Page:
"Breaking Barriers": celebrating the life of Albert Libchaber

Saturday, January 2nd, 2010

Artwork: Shovamayee Maharana

For three days during the second weekend of January, seventy five scientists from different laboratories around the world will gather together on the campus of NCBS. Despite their varied research interests and locations, they share one thing in common - an association with Albert Libchaber, currently a Professor at the Rockefeller University in New York, and also a member of the international scientific advisory board at NCBS.

To celebrate and renew that connection, a scientific meeting "Breaking Barriers: from Physics to Biology"  has been jointly organized by NCBS and ICTS (International Centre for Theoretical Sciences), serving as a satellite meeting of the ICTS inaugural event. The list of speakers includes members of Albert's laboratory, as well as scientists with a close association to Albert. With conceptual discussions as well as formal and semi-formal presentations, the meeting will provide a platform for rekindling old relations. It will also help to initiate collaboration between scientists whose focus ranges over a diverse number of questions spanning the physical and biological sciences, inspired in part by Albert.

"The legacy of Albert is both scientific and human",  describes a colleague, who studies the physics of complex systems. "Albert has led a whole cadre of scientists, first into chaos and nonlinear dynamics, through the first steps in pattern formation and into turbulence, and then boldly into biology, at a time when he and only one or two other physicists had ventured in this direction. The subsequent meteoric development of these fields is thus due largely to him".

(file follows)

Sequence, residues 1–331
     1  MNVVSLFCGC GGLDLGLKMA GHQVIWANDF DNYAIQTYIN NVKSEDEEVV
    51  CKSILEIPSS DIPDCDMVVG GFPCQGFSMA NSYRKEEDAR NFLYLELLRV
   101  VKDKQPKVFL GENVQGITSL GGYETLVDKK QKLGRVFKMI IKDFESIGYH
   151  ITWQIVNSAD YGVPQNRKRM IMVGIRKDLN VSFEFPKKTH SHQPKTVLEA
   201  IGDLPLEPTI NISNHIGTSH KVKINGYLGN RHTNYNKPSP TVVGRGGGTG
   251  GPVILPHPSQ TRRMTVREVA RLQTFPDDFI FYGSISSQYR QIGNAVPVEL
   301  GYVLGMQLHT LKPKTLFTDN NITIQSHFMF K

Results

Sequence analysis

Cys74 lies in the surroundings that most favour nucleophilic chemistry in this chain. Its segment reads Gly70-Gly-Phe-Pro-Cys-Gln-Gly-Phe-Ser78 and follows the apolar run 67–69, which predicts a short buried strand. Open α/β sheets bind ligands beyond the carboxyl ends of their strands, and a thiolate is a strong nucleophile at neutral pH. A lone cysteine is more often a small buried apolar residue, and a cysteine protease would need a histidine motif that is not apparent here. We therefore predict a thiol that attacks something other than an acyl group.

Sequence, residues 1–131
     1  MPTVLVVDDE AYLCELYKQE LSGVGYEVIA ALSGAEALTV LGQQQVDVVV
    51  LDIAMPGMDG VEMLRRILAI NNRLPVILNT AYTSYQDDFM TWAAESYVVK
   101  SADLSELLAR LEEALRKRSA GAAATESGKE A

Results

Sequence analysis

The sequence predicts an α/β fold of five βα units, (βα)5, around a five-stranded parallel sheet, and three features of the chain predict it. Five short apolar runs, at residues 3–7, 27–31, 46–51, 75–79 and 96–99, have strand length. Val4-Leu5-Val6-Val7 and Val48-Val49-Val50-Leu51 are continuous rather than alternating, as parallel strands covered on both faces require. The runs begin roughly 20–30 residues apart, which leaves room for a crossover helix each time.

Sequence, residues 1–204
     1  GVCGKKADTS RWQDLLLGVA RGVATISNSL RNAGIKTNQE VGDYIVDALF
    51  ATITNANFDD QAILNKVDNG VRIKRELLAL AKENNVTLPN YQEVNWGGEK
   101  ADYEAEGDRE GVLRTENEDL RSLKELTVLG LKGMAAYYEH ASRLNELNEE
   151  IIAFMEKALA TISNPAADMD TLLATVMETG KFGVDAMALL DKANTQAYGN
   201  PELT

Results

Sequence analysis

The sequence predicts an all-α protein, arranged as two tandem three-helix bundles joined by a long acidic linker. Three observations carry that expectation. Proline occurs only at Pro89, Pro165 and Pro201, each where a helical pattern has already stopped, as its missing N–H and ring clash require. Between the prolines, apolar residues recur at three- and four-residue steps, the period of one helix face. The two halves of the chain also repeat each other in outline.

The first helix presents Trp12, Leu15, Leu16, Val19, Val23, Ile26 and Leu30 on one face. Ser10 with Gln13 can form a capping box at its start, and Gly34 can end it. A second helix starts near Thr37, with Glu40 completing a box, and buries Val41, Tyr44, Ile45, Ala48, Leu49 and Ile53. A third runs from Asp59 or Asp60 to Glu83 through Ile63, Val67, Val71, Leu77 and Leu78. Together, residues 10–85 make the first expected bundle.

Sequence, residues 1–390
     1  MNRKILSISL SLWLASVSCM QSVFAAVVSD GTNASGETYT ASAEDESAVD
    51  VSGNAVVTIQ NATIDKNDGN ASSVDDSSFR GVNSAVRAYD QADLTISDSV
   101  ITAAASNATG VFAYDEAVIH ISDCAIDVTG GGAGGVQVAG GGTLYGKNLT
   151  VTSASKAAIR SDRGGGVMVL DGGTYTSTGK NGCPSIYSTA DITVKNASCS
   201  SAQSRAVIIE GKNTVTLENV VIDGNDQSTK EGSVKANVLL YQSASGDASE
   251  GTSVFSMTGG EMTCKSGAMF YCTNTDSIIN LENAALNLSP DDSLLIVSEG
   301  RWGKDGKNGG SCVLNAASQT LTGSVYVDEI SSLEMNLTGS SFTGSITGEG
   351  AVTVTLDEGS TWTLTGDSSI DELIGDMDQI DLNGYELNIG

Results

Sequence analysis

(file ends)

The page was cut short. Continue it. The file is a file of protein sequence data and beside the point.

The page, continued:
What role did Albert Libchaber play in the scientific lives of those who worked in his laboratory? To piece together glimpses of the man, his past collaborators were asked to describe Albert. The one common refrain among all Albert's "heirs"  is that what he has taught them is "much deeper and much beyond science itself". "There is rarely anything obvious to Albert. He has taught [scientists] to explore every possible direction in looking at a given problem, never to be satisfied with 'standard answers', and always to continually question and probe the 'obvious'. It is this intellectual process that leads to real understanding and, occasionally, truly new physical insights".  As one colleague points out, it was with "contagious passion and continuous encouragement that [Albert] inspired [his] exploration into the biological world",  motivating him " to ask physicist's 'why' questions and find 'principles'  behind the vast diversity and complexity of the biological world". 

From personal anecdotes among his associates, one finds that Albert influenced not just a "taste in science, [but of] red wine" , the classics like Turing, Schrodinger and Delbruck and "the utter importance of being unserious". A colleague and close friend of the group notes that "Thirty years ago Albert Libchaber and Jean Maurer performed their now famous experiment on the Rayleigh-Bernard convection in a small box of liquid helium".  He adds that "For us this experiment is a great achievement not only because of its scientific importance for the field of non-linear dynamics and chaos. It also illustrates how beauty and simplicity can emerge in seemingly complex (messy) phenomena",  and is an inspiration for scientists to cross the barrier from physics to "give us hope that someday similarly beautiful and profound results will emerge in biology".

The meeting "Breaking Barriers: from Physics to Biology"  therefore celebrates the science of Albert Libchaber, the man who has "an unflagging active interest in any fundamental question that endeavors to unravel the mysteries of the world around us" through the scientific paths of those on whom he has left an indelible mark.


Albert Libchaber

Dear Nisha Very nice. It may be useful if you can embed links in this write- up to Albert's webpage and publications and to news items about him. It will help those who read this to move on to them. Cheers Vijay

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